Entertainment How to recover deleted emails and repair corrupt PST files for Microsoft Outlook
How to recover deleted emails and repair corrupt PST files for Microsoft Outlook
Microsoft long ago created the PST file format for Windows. Short for a “personal storage table,” these files have been designed to store items such as calendar events, contacts, and email. You’ll often find PSTs through native Windows programs such as Microsoft Outlook, Microsoft Exchange Client, and Windows Messaging.
A missing or corrupted PST file could cause significant disruptions if you’re even a casual user of Microsoft Exchange, Microsoft Outlook, or Windows Messaging. Unfortunately, problems with these types of files occur, although there are ways to possibly restore or fix them, including using one of the best data recovery tools.
Here’s more about PST files, their use, and what can be done when problems occur.
What is a PST?
PSTs are automatically created when a new email account is added within Outlook on a local machine. When connected and authenticated with a remote mail server, the offline PST quickly fills up with existing data such as emails, contacts, and calendar information.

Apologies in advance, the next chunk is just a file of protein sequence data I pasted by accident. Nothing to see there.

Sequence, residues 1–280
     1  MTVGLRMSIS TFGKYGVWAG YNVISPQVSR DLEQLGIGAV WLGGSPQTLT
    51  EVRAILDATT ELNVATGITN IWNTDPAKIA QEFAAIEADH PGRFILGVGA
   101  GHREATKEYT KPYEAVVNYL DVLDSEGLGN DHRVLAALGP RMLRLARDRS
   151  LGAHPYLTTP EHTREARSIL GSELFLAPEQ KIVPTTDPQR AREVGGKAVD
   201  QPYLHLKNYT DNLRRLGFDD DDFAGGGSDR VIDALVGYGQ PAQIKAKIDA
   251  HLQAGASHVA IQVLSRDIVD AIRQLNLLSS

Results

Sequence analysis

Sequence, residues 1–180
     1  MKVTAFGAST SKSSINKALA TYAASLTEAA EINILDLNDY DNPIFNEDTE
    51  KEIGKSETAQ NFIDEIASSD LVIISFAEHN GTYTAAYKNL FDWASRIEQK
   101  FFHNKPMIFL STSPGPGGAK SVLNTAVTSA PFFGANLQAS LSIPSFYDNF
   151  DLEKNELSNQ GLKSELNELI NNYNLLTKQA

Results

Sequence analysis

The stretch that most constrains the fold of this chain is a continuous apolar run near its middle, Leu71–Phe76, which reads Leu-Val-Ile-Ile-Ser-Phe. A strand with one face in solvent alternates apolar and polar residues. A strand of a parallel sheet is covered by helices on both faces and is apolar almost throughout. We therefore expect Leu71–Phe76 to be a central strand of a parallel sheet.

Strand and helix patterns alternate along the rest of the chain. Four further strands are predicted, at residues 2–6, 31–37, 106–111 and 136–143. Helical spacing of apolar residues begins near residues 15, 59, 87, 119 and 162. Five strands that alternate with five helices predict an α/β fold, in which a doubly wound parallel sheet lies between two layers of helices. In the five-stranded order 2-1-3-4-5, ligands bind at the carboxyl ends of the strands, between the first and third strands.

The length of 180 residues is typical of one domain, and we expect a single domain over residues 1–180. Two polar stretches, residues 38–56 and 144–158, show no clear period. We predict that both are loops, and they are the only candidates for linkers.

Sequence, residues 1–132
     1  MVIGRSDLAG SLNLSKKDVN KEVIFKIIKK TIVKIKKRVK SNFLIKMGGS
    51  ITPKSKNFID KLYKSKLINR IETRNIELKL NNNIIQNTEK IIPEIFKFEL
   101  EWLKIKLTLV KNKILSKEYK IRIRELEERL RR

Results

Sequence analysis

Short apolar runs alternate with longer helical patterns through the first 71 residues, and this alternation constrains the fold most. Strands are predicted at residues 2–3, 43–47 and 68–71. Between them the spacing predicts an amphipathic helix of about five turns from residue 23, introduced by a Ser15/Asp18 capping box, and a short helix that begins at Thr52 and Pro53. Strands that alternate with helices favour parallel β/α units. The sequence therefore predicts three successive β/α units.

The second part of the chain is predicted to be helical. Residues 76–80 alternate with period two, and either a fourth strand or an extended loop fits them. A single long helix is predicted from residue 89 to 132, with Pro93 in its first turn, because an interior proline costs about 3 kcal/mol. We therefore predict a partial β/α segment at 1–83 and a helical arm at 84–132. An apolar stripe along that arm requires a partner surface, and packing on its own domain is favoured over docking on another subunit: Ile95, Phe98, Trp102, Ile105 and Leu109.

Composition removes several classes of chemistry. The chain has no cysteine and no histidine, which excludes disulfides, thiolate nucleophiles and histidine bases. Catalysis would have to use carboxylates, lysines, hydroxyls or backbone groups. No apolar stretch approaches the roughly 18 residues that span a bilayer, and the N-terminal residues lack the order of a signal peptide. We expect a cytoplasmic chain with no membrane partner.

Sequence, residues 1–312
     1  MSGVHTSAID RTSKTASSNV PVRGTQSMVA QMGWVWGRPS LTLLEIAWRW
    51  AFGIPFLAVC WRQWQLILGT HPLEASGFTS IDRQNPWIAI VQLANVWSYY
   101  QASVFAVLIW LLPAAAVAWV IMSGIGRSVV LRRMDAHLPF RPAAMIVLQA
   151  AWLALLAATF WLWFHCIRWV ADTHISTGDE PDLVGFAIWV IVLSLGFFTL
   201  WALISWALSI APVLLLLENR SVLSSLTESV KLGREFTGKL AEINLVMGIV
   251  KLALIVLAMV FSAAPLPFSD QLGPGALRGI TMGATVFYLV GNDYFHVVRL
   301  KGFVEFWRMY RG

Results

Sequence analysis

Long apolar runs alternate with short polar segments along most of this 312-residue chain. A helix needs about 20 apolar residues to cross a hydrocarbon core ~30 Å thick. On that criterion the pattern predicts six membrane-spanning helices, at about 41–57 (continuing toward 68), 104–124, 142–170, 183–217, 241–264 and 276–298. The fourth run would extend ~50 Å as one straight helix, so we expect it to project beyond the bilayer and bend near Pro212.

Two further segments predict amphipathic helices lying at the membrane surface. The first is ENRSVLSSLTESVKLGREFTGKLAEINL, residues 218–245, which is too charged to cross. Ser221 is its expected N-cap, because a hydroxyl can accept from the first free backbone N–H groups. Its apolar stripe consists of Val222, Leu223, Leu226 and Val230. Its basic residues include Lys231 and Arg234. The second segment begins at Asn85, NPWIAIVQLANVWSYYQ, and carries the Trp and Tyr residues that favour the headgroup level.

Some Microsoft accounts, such as Post Office Protocol (POP), store information in Outlook Data Files (.pst.) By contrast, Exchange, Internet Message Access Protocol (IMAP), Outlook 365, and Outlook.com accounts store information in Offline Outlook Data Files (.ost). The latter is a more modern type of email storage file. There are also Outlook Group Storage Files (.nst).